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Posted 2 Jan 2005


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Yet Another Command Line Argument Parser

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2 Jan 20055 min read
A reusable library to obtain command line parameters passed to executables in an orderly manner.

Image 1


When writing applications that require run-time information supplied by a command shell, the best way to communicate the additional information to your executable is via command line parameters. You frequently have to write code to parse the command line parameters looking for specific information to customize execution of your application. I'll show you how to write a reusable library callable from your code to expose the command line arguments as name-value pairs, allowing you to avoid having to write tedious parsing code over and over again in different projects.


In the "C" family of languages, including C, C++ and C#, command line information is conveyed by the command shell to the running executable using a string array passed to the static main() function. The string array is composed of the text that followed the executable name, chopped up into sub-strings delimited by the space character. See the image above.

If you force your users to specify all possible parameters on every execution in a specific order, you ease your parameter reading grief and can just jump to specific indexes of the args[] array to get the parameter values. If you have any consideration at all for your users and allow them to specify parameters in any order they choose, or allow your users to specify optional parameters, you have to write code to identify parameters by their name and then to read the value associated with that variable.

There are several hundred examples of code that does similar work written in C and C++, and a few written in C# (hence the project name prefix "Yet Another..."). This code is different from the others on CodeProject in that it allows you to specify additional information to the parsing process to allow for idiosyncrasies in your command line syntax, and also to allow for the run-time parameters supplied to your applications to be removed into separate files for organization and easy re-use.

Using the code

The project consists of three classes enclosed in a single source code file:

  • ArgParser
  • VVPair
  • VVPairs

ArgParser is the main class you instantiate, handing the constructor the args string array passed to your executable. Optionally, you can specify the character you want to use to mark your argument names and the character you want to use to separate your variable names from their values. It's really a matter of style, but you can configure the class to parse arguments that look like this:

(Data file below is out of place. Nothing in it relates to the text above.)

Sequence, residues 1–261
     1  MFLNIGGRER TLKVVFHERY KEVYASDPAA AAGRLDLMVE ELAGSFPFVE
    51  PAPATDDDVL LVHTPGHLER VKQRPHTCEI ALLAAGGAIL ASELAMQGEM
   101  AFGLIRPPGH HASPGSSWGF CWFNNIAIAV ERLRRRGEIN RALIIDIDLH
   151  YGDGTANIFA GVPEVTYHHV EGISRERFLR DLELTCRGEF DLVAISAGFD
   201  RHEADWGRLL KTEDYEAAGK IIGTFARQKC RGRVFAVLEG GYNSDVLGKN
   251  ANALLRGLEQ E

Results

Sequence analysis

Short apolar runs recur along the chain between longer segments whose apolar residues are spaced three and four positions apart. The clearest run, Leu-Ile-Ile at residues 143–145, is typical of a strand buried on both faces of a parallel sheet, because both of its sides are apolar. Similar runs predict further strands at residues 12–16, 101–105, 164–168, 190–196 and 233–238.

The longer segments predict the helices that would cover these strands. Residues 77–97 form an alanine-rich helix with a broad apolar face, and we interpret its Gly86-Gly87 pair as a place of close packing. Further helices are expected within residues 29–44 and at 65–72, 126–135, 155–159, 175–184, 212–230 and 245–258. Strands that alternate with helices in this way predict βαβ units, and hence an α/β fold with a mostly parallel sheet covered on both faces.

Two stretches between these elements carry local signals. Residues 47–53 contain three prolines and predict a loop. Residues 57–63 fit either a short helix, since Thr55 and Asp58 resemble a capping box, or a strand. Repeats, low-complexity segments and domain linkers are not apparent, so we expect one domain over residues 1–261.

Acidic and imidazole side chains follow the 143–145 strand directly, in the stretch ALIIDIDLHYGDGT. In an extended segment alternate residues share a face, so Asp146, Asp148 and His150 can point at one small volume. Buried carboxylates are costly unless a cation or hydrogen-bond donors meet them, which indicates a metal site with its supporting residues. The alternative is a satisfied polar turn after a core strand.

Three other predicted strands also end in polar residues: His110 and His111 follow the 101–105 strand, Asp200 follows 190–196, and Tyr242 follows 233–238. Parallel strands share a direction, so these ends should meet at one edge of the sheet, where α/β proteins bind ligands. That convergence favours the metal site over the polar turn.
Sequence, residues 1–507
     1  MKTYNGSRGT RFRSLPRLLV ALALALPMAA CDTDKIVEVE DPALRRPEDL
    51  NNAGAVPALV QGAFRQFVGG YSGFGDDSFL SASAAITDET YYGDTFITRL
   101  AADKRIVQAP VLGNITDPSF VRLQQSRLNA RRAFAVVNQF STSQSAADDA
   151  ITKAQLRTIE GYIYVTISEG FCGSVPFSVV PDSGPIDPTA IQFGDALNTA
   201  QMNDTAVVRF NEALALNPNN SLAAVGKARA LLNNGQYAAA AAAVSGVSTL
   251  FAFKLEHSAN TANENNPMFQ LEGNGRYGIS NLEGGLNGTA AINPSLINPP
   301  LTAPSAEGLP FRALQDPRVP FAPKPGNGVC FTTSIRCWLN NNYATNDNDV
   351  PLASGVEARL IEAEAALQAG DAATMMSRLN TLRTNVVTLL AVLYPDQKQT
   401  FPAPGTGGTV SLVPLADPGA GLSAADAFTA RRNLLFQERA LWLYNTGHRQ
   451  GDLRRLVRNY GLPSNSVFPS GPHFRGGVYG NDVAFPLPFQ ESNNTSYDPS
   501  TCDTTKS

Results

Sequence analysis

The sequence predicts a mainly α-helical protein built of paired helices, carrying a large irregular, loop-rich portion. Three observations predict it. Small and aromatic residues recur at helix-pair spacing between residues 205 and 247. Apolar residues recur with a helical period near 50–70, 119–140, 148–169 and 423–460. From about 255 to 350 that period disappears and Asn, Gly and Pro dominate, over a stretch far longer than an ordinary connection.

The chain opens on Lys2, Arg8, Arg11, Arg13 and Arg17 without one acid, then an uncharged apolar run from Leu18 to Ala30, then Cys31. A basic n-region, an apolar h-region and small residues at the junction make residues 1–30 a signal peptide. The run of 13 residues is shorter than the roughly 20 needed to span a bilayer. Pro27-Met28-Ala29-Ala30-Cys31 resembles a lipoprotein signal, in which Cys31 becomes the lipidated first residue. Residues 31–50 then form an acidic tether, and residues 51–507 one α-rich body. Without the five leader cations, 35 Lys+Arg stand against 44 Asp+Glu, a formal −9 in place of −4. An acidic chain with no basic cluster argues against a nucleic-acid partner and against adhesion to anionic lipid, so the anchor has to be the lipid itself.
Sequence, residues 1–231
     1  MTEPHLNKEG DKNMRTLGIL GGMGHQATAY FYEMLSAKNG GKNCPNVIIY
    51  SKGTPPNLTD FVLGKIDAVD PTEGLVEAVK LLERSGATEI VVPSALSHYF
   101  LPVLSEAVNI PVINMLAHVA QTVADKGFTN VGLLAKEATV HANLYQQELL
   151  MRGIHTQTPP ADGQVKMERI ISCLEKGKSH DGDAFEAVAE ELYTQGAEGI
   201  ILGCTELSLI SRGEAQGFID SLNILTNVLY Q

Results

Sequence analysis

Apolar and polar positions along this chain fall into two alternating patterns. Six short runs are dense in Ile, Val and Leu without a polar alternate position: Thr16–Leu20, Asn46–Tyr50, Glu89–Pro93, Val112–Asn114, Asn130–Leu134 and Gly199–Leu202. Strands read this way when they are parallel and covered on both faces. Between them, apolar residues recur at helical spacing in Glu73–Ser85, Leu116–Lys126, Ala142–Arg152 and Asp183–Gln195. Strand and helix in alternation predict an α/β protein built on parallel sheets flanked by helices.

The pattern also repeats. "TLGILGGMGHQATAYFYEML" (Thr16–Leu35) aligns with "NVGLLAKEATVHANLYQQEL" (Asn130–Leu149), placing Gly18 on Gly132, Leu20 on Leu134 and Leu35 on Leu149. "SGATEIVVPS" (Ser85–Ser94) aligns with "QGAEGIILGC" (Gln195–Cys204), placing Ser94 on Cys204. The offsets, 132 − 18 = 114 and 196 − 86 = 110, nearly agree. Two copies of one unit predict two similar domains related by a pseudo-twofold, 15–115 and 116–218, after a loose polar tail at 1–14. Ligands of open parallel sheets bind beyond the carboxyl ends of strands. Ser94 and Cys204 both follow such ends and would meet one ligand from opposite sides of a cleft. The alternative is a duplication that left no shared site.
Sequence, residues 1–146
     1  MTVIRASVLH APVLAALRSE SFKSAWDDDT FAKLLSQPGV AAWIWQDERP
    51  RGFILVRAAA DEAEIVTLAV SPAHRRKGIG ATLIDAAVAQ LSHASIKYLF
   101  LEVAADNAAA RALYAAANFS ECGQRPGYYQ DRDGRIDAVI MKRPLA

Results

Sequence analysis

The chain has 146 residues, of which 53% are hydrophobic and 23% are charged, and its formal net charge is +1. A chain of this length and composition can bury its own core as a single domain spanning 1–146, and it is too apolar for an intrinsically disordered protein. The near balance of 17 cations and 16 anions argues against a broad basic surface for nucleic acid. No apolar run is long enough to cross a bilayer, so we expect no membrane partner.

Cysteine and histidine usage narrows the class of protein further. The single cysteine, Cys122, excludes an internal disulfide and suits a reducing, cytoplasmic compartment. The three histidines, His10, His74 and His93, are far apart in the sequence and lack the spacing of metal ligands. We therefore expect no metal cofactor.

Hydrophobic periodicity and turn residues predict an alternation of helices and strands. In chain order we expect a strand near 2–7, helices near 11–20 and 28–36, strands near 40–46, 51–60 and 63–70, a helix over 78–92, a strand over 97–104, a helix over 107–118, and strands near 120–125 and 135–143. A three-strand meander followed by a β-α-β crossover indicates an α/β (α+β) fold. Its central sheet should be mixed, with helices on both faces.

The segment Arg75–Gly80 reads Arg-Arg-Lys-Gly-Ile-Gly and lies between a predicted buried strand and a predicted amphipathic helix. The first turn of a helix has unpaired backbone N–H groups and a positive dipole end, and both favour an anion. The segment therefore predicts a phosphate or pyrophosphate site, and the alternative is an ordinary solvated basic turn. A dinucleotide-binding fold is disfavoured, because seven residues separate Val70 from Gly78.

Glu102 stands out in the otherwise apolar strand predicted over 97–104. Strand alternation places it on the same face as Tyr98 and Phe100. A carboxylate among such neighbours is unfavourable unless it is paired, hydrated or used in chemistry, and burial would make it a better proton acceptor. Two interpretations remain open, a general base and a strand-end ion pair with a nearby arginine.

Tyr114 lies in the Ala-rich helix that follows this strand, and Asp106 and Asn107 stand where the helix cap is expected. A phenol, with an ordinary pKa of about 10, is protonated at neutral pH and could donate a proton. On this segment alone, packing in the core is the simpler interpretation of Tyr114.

c:\>YACLAPTester.exe /user:kim /test:yes /verbose

or like this:

c:\>YACLAPTester.exe -user=kim -test=yes -verbose

Just pass '/' and ':' to the ArgParser constructor used by your YACLAPTester application in the first case (or don't specify any characters -> these are the defaults) or '-' and '=' to the constructor in the latter case.

The VVPair class holds the name of a variable (user, test and verbose in the examples above) and its value (Kim, yes and a zero length string above). The VVPairs class is a collection class of these custom variable-value pair objects. I considered using one of the intrinsic name-value pair types like StringDictionary and DictionaryEntry but decided against it. The slight amount of extra code allows you to be more flexible in processing.

When instantiated, the ArgParser constructor starts a two-phase process.

Phase I

The constructor iterates over the string array, and compares the initial character of each string in the array to two characters:

  • If the initial character is the variable definition character passed to the constructor, the string gets added as it is in its raw, unparsed form to an ArrayList object.
  • If the initial character is the "@" symbol, the constructor assumes that the string that follows names a file with additional parameters. It attempts to open the file and splits the file on the new line character into another array of strings. The constructor ignores the file name if it can't be found. You have to examine each string and check for the variable definition character in the first position, and if found, you add it to the ArrayList with the other parameters. Lines in the file that begin with characters other than the variable definition character are ignored and assumed to be comments.